by Connie Oswald Stofko
It seemed like we had winter and summer at the same time last week. There was plenty of snow at our house to make a snowman, and my husband participated while wearing shorts!
In spite of that, it’s not spring yet– not even on the calendar!
But here are a couple of topics for this time of the year when we can’t wait for spring.
A trick to plant (some) seeds outside now
Last week we talked about planting seeds for cool weather plants, but I know many of you can’t wait to plant tomato seeds and seeds for other tender plants.
It’s still too early to plant them inside. The seeds will germinate, but the sprouts will get leggy and weak before you are able to transplant them outside (unless you have grow lights.)
Oddly enough, you can plant them outside now– using this trick: winter sowing.
Find the directions here to make a milk jug greenhouse and find ideas for other containers here. Plant your seeds in the container. Set the container outside in a sheltered spot. The seeds will know when to sprout.
Winter sowing will work with any seeds that can overwinter. Think of plants that might sprout up on their own from seeds in your compost pile, such as tomatoes, squash and cantaloupe. See lists of seeds on WinterSown.org.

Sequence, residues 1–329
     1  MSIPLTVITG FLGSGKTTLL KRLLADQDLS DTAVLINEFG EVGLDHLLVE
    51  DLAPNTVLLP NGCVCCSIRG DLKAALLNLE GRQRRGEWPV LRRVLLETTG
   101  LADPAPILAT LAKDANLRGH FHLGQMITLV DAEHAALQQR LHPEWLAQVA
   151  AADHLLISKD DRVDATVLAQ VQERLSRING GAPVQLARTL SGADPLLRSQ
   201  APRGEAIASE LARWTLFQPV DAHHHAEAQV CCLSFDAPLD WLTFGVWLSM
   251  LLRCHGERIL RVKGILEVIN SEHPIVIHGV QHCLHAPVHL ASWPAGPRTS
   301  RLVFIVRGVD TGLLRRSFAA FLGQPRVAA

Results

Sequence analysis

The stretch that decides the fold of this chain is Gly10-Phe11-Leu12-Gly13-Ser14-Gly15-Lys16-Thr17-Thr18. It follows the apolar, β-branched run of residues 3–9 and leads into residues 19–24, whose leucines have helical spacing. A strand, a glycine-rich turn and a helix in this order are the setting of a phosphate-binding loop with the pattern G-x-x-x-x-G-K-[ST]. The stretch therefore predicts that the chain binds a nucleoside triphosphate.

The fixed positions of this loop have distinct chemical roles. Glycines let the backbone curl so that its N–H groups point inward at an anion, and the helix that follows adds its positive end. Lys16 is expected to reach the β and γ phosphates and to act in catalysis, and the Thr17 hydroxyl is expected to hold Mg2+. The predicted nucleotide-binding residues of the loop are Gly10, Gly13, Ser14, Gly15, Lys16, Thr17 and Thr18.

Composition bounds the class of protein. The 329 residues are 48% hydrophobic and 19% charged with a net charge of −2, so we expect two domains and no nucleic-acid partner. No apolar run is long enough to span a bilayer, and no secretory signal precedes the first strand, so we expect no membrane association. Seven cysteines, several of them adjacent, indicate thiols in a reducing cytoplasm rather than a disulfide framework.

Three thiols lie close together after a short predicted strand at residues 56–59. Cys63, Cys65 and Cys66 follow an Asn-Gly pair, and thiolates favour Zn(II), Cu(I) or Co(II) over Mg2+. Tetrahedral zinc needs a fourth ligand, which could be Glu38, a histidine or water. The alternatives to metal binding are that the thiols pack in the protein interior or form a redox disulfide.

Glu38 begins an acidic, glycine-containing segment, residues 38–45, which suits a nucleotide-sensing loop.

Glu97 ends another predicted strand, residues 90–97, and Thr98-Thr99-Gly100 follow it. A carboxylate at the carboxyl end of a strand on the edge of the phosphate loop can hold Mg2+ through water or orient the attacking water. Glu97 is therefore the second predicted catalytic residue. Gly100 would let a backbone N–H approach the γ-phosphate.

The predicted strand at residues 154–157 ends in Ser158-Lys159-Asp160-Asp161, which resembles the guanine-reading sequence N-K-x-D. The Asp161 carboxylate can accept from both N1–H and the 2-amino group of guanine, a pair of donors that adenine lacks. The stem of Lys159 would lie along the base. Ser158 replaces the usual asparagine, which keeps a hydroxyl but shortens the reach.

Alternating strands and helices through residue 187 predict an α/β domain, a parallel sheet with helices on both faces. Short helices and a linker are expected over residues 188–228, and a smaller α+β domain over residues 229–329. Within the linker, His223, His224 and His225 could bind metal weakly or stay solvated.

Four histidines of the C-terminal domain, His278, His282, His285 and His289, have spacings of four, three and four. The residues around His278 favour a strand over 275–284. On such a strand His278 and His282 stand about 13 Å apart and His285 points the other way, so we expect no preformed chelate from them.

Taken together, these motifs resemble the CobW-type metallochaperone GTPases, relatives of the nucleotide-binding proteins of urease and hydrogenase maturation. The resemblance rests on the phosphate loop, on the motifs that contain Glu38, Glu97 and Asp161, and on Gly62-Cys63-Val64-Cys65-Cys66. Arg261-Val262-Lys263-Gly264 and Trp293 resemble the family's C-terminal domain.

Are my daffodils in trouble?
After we enjoyed the short spate of warm weather, March came in like a lion. We got some snow, cold temperatures and lots of wind.
You may have noticed your spring bulbs or even perennials popping up now and wondered whether they can stand the cold temperatures.
Yes, it’s usual for those plants to show up at this time of year, and they will be fine.
In fact, you may have seen your plants sprout back in December when the weather was so mild.
It’s always a good idea to mulch around your perennials. That will help protect them if we get wild swings in temperatures.